Multiple film projects based on celebrated author/screenwriter Neil Gaiman's fantasy literature are currently in the works, including the long-awaited adaptation of his Sandman DC/Vertigo graphic novel series - with Joseph Gordon-Levitt leading the charge - and a movie based on his lauded Jungle Book-inspired children's novel, The Graveyard Book. But what of HBO's American Gods TV series (based on Gaiman's fantasy book), first announced some three years ago?
Well, there's good news and bad news. The bad news is that the American Gods TV show is no longer destined for a home at HBO. Good news is, the rights have been acquired by a different production house than Tom Hanks' Playtone banner, with the intention of moving the series forward - now that it's spent a couple of years spinning its wheels in place, that is.
Deadline is reporting that FremantleMedia has picked up the American Gods TV series rights, with Gaiman still onboard as an executive producer for the project. It was Gaiman who, three years ago, revealed that his 2001 book - a best-seller that secured the Hugo, Nebula and Bram Stoker awards for Best Novel - was being envisioned as a movie production fit for a theatrical release, not that long before the story broke that HBO was adapting it as a show instead; he's been personally involved with bringing American Gods to the small screen ever since then.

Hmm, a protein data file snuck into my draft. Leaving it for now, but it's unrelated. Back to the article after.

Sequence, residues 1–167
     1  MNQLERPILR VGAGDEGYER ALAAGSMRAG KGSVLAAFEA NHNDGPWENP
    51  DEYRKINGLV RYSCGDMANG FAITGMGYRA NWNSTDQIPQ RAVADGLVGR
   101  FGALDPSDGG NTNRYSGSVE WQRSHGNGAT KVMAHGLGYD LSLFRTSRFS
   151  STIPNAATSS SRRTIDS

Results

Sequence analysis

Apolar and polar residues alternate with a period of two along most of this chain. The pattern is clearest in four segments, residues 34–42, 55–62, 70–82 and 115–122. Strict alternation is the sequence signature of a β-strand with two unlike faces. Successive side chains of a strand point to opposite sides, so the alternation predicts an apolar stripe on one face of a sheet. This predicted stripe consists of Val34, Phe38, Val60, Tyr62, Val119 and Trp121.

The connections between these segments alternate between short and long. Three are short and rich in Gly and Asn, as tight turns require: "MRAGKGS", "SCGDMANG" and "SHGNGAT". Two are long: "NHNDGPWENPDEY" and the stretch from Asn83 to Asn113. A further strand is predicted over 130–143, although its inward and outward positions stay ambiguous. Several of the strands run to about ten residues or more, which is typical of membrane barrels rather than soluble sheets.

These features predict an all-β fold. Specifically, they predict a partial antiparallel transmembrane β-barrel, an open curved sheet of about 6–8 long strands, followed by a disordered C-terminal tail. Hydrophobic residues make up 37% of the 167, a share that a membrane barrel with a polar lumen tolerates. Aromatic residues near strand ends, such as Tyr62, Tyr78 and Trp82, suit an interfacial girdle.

American Gods, for those unfamiliar, tells the story of Shadow, a convict fresh out of prison who agrees to become the body guard to a man called Mr. Wednesday. The latter, it turns out, is one of the old gods, who is traveling across the U.S. to rally his allies and hopefully lead them to victory in an end-all battle with the gods of the modern age (i.e. media, technology, drugs, etc.). Thematically, American Gods shares much in common with The Sandman, by examining the general cultural transition from ancient to contemporary belief systems through a story that is often darkly surreal, yet at the same time quite personal.
The initial reports that HBO has fully signed off on a six-season plan for the American God series turned out to be false; last year, Gaiman updated the situation, revealing that he'd written multiple script drafts for the pilot episode and that his inclusion of new story material - Gaiman admitted it was his attempt to give the books' fans "stuff where they don't know what's going to happen" - had contributed to the show's lack of progress.
In a new blog post, Gaiman elaborated on the current situation with American Gods:
A few people have asked for more background on this: HBO had an option on American Gods for several years. It went through three different pilot scripts. HBO has a limited number of slots and, after a while, passed it to Cinemax, who are in the HBO family, who decided eventually they didn't want to do it, and the option expired, which unfortunately meant we couldn't work with Tom Hanks' production company Playtone any longer, as they are exclusive to HBO. However, Stefanie Berk, who had been one of the brightest stars at Playtone, had recently moved to Freemantle, and was as determined as she had been when she was at Playtone to bring American Gods to the screen. And I was impressed by her determination.
Under HBO's wing, American Gods would've likely been a fairly adult series with solid production values, but there's no reason why another premium cable network wouldn't be interested in making such a show, especially in this day and age of TV entertainment. Hopefully, the project will land a new home sooner rather than later, so we can all start making plans to add yet another sophisticated piece of small screen entertainment to our already jam-packed list of programs to watch in the future.
We'll keep you posted on American God's status.